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Sean Bell shooting the result of poor training, not prejudice

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The not-guilty verdict in the Sean Bell shooting case seems like a travesty. The law, however, protected the officers based upon their belief that their lives were in danger. State law codifies that a people may use deadly force to save themselves when in threat of being killed.

The reality of the Bell case is not the number of shots fired by the officers, but their belief that their lives were threatened. Given the terrifying circumstances the police confront daily, it is easy to accept that they view any act contrary to their dictates as provocative.

Officers are allegedly trained professionals who should be held to higher standards than the general public. The police should only use a firearm as a last resort, not as a first response.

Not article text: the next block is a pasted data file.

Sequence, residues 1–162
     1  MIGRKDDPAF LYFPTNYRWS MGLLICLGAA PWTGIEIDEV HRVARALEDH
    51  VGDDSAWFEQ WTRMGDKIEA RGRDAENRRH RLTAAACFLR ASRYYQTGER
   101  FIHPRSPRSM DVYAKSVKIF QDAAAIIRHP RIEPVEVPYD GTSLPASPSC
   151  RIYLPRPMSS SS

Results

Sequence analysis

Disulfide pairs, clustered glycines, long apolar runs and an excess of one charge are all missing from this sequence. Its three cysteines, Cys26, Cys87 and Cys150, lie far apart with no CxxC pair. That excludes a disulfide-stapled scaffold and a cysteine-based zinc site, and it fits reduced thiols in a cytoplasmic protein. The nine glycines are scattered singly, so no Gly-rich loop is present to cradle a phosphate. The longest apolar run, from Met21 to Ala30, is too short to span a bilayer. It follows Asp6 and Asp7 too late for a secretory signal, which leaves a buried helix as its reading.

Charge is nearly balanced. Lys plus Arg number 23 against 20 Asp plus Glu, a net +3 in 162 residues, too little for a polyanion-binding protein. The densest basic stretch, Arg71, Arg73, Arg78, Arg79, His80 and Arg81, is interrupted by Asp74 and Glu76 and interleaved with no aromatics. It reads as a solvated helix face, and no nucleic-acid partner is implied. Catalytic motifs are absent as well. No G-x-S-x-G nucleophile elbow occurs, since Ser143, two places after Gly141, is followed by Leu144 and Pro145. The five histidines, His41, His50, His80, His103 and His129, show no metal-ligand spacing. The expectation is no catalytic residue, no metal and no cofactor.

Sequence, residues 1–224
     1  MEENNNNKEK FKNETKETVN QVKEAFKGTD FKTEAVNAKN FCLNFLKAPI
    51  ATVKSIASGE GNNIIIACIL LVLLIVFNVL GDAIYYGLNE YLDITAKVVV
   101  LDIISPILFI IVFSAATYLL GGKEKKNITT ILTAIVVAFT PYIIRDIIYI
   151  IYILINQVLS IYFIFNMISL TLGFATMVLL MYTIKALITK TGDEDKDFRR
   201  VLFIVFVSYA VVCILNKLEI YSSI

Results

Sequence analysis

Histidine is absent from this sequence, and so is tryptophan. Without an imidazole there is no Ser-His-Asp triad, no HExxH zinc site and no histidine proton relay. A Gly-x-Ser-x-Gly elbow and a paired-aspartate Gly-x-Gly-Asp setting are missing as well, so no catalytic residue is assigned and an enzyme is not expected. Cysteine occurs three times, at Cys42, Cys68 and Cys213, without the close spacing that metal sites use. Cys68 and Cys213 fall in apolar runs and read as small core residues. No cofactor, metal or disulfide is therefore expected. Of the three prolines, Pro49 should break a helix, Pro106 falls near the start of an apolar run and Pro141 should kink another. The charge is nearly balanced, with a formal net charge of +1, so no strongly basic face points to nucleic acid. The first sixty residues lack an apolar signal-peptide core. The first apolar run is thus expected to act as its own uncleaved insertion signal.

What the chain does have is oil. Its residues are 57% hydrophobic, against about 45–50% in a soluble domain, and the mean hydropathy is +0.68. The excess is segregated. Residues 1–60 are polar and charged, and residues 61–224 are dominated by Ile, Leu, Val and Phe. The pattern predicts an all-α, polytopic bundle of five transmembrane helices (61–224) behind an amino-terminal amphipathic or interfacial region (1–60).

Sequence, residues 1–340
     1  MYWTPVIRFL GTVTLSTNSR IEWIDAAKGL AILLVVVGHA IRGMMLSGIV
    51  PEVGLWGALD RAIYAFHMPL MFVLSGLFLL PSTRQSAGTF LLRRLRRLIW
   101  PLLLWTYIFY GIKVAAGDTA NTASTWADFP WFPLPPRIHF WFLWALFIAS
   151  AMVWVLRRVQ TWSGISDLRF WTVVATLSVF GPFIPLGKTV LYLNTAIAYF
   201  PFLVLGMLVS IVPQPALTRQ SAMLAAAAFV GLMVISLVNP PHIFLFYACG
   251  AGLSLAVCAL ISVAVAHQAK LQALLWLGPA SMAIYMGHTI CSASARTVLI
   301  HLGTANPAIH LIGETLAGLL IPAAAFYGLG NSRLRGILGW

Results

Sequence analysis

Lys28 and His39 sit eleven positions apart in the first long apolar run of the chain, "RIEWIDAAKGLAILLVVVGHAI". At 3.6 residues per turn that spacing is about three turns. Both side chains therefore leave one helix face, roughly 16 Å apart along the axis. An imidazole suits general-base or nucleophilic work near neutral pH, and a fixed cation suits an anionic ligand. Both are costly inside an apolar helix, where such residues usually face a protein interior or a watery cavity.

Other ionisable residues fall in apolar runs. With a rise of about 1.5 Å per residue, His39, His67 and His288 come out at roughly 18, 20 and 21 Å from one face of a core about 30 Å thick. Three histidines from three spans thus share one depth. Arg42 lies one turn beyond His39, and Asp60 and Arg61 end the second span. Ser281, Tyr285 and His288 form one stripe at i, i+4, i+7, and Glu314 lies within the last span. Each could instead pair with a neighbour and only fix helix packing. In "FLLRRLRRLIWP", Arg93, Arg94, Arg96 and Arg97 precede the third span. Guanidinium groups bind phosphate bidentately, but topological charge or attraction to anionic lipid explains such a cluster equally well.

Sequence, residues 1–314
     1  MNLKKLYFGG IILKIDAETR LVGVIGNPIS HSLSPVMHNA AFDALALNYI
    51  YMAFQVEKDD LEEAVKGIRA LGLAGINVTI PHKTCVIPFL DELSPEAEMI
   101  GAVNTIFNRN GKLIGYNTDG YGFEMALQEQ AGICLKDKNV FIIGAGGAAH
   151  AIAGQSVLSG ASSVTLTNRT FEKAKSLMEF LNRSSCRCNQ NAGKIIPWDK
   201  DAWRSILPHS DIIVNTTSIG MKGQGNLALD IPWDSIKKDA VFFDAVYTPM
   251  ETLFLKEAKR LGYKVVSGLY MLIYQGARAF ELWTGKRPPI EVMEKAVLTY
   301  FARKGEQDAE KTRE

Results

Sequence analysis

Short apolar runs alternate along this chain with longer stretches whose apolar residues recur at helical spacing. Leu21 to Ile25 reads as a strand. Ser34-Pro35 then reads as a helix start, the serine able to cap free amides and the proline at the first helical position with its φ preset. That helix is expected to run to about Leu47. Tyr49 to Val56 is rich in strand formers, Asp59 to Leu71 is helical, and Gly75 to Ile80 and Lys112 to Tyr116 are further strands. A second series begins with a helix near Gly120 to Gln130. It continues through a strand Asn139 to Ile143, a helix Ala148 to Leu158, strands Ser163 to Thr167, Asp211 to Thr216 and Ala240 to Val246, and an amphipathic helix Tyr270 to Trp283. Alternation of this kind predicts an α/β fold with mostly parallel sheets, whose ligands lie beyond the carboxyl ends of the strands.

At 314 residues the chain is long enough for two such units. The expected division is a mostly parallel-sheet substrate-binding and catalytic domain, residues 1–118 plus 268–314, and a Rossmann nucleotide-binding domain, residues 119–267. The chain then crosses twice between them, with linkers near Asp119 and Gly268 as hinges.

The fault for the Bell shooting and other infamous killings by the police is not the result of prejudice. The fault is in the training and education by the police department. It is remarkable that the greatest city in the world has a third-rate training program.

Perhaps when the starting salary for police officers is $25,000, the best recruits are not forthcoming. Budgetary shortfalls that affect performance are to be expected. When the realities are that the dangers of the street are not offset by earned experience, tragedies like Sean Bell are natural consequences.

Edward Horn

St. Michaels

E. Elmhurst

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